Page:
My first introduction to an Indian Trump sympathizer was in October 2015, just three months into my arrival in the United States. I was at a Navratri party hosted by my friend’s uncle, gorging on the mini samosas I’d already begun to miss. As journalism students, my friend decided to do a story on preserving Indian culture in America. While interviewing one of the guests, we addressed the topic of Donald Trump. To our question, he merely shrugged and said, “How does it matter what he says, he’ll be good for the economy.”
While I have no idea whether he cast his vote for Trump a year later, his words remain at the back of my head. When I heard about Hindus for Trump, I am saddened to say I wasn’t surprised. If there was one thing I had noticed about the general Indian population, it was the lack of solidarity.
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Fast forward 12 months–I couldn’t sleep for 24 hours after the declaration of America’s new president-elect. The exhaustion of working all night in my newsroom coupled with the shock and denial of what had just happened kept my mind buzzing.
Eight hours later, my roommate–an engineer from Hyderabad– returned from a regular day of work. She couldn’t believe I was still standing straight. “Why do you care so much? How does it matter to you who is the next president of this country?” she asked me.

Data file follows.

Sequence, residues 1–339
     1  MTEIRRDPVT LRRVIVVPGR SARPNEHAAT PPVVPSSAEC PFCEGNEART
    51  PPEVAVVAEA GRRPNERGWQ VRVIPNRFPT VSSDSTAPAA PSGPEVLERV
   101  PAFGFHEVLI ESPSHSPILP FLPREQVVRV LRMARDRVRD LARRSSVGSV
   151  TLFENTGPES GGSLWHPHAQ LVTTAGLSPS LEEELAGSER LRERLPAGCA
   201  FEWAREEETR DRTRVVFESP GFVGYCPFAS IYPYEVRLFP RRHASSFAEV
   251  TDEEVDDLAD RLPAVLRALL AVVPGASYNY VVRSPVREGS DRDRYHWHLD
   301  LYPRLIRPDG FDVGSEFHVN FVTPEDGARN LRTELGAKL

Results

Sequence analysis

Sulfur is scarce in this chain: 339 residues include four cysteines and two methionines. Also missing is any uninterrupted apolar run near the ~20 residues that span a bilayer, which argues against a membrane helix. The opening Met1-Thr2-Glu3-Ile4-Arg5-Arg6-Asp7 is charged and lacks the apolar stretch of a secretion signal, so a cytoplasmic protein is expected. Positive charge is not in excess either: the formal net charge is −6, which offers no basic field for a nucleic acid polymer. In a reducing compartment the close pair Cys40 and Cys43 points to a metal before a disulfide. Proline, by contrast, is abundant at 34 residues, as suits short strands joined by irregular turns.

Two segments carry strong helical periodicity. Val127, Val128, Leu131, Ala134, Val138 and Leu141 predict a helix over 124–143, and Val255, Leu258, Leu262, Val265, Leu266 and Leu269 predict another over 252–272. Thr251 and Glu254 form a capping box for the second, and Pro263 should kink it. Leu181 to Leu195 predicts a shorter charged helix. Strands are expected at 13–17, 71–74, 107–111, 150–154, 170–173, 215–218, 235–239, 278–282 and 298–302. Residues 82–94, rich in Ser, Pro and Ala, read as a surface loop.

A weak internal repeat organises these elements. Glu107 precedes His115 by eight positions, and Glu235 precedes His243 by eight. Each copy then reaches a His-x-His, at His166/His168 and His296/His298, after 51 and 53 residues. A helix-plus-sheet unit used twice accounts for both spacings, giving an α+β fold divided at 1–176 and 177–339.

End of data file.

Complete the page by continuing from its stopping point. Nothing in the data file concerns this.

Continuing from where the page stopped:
I am not an American citizen. While her question might seem legitimate to some, I cannot help but wonder where this apathy comes from. Spending a year writing about and filming immigrants and refugees introduced me to an America that I grew to love. My passion for social justice and race issues kept me in touch with “brown” America–a people in whom I could see parts of myself. What made me feel connected to them was an unsaid understanding that no matter what, we’ll stand up for each other in the face of hate. But today, the Indians around me are looking positive, reveling in the fact that Trump “loves” India.
Back home, the age-old anti-Muslim sentiment is rising, partly fueled by the Prime Minister’s silence on communal violence. While Trump might project a similar hatred toward Muslims, I find it surprising that Hindu Trump supporters forget that to the average Trump followers, we are all the same. We are all brown.
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I have been fortunate enough to see the other side of this reality, to meet Indians who have raised questions and concerns about what Trump’s administration might mean for people who look like us. But this isn’t enough to mask the reality that thousands of people gathered in Edison, New Jersey to celebrate a man who stands against immigrants.
Today, it breaks my heart to walk past a fellow Indian and wonder if they added an extra vote in favor of man secretly against them. Dear Indian Trump supporter–brown is so much more than just a skin color. It is a calling. It is solidarity. Rise to the occasion.
Vishakha Darbha is a videographer and a feature writer, with particular interest in creating profiles of ordinary humans doing extraordinary things. When not hunting for stories, she spends her time singing, backpacking, consuming and/or analyzing pop culture and reading biographies. She is currently pursuing her master’s at Medill School of Journalism, Northwestern University.